Frustratingly, most colleges don’t alert you of being accepted from the waitlist until after May 1 (some will let you know earlier or even as late as August), and there’s no telling whether you’ll actually get admitted. This is why getting wait-listed by one of your top college choices can be stressful.

So, what do you do?

First thing’s first.

Decide how important this college is to you. You’ll need to let the college know whether or not you’re interested in waiting things out by or before May 1 (some schools have their own specific deadline).

Typically, the letter that notifies you of being wait-listed comes with a response form to send back. If you’re really interested in going to this college, then stay on that waitlist. You’ll want to note your intentions on that form, and specify just how important acceptance at that school is to you. If it’s your goal college and you would 100 percent accept their admission offer, include that in this form/response.

Otherwise, tell the college that they can cross your name off, and send in your enrollment deposit elsewhere.

If the stress of the unknown is too overwhelming, you may be better off going with your second choice. Starting college as a new student is stressful on its own without the uncertainty of whether you’re getting in. The goal college that wait-listed you will still be around if you want to reapply and transfer later on down the road.

Before you say yes to staying on the list, find out whether being on that college’s waitlist comes with any stipulations. When you enroll later than your peers, you may have fewer options to choose from for things like housing and financial aid. This could alter the way you feel about hanging on to that waitlist.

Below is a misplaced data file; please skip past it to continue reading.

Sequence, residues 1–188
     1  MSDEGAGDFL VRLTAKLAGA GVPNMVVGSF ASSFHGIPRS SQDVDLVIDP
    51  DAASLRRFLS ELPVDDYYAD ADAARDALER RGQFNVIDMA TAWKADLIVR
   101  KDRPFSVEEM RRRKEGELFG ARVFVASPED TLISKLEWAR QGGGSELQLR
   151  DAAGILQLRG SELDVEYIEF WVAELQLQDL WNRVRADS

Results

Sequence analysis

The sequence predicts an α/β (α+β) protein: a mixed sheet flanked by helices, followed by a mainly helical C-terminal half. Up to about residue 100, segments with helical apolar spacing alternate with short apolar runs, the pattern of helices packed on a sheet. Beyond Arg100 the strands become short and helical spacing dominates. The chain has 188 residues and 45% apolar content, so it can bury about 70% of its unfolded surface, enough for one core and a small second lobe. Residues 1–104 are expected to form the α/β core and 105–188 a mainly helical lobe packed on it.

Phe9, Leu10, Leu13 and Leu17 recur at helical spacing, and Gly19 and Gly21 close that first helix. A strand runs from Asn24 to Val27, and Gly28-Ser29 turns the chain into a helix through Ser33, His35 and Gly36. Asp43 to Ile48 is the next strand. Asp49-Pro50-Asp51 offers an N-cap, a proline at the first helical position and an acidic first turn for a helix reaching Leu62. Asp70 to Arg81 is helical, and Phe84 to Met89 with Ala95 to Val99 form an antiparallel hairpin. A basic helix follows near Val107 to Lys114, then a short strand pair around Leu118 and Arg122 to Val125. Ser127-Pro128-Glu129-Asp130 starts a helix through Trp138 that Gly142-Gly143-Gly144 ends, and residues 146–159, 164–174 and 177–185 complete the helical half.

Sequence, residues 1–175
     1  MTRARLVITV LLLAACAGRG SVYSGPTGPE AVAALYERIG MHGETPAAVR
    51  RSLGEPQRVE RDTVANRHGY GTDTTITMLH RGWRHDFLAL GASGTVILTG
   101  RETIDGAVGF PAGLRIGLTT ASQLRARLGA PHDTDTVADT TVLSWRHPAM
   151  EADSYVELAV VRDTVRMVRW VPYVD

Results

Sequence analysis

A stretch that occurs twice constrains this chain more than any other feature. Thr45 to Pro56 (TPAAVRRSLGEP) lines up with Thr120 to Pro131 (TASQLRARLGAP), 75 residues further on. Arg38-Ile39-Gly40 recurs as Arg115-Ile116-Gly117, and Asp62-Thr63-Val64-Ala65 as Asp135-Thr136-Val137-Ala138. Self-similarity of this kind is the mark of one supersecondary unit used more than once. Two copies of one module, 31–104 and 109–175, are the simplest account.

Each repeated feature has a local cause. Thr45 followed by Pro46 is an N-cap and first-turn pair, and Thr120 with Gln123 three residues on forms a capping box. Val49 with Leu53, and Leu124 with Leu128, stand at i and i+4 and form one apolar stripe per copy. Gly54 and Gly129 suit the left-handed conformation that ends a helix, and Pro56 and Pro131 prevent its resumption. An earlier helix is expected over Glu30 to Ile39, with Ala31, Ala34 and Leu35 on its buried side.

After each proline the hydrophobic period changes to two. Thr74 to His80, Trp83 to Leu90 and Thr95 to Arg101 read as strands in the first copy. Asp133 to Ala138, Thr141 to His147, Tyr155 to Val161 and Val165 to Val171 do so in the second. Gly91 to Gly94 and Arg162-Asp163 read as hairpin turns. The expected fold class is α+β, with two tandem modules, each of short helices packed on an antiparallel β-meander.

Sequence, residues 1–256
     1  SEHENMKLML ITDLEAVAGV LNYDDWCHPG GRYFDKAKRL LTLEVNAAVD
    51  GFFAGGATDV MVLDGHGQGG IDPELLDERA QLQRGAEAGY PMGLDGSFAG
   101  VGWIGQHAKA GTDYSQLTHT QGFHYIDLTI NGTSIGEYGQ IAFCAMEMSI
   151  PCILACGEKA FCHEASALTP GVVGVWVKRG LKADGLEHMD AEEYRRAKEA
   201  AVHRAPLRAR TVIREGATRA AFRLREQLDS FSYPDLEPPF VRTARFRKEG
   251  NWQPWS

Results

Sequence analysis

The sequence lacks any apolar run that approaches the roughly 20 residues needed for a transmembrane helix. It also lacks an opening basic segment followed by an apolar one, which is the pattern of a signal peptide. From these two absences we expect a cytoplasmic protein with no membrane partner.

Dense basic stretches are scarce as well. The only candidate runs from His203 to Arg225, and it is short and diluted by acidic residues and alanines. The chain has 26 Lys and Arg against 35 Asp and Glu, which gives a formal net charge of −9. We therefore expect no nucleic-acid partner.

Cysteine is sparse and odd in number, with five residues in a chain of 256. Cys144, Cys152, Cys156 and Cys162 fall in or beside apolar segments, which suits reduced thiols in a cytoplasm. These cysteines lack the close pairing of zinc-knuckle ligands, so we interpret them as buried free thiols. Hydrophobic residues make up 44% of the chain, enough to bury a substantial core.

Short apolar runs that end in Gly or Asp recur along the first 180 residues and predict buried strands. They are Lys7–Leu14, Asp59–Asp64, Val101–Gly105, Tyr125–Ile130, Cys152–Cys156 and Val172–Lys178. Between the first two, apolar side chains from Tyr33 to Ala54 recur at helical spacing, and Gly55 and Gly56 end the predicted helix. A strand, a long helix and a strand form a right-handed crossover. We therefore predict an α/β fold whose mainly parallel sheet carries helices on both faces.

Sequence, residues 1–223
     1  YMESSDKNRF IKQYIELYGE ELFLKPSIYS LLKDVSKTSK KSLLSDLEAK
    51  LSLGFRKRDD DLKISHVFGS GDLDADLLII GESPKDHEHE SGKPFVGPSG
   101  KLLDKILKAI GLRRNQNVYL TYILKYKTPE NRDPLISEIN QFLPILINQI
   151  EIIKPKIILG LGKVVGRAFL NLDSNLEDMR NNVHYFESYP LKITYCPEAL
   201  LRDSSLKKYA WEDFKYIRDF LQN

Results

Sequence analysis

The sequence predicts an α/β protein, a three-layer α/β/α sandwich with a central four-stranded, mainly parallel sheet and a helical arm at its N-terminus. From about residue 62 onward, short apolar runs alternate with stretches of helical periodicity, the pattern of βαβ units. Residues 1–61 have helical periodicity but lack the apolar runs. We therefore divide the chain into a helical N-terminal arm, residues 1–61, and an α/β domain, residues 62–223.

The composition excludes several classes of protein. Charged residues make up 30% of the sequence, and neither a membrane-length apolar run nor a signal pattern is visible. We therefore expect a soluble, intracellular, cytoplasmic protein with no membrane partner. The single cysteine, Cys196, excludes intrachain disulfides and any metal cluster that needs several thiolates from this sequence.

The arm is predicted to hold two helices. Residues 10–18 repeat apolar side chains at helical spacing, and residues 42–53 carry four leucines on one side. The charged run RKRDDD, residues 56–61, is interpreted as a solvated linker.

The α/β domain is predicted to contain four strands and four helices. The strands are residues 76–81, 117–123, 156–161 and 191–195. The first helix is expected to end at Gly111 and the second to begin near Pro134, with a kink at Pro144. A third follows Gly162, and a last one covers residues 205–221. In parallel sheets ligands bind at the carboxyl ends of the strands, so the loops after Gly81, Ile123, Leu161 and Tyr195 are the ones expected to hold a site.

You’ll also want to consider whether that goal school is a long shot or not. We often apply to prestigious universities as “dream school” options. If that is the college that wait-listed you, remember that there’s less of a chance of getting into a highly selective institution. Additionally, think about your personal academic abilities and if you’ll be able to keep your head above water at that ivy league/prestigious college. Accepting admission at a less-competitive school might be less stressful and more realistic in the long run.

Ok, you want to stay on that waitlist.. Now what?

Have a backup plan.

Even if the odds are in your favor, you’ll want to be prepared for the chance that you don’t get accepted. This will help ease the stress of those unknowns.

To avoid being left without any options, plan to enroll at your top-choice school among the other colleges that accepted you. Simply fill out the paperwork and send in the deposit by its enrollment deadline. This way, you can guarantee that you will be a college freshman by the fall.

On the chance that you get off of the waitlist and choose to enroll in that school, you won’t be able to get that other enrollment deposit back. Keep this in mind if you’re working with a tight budget.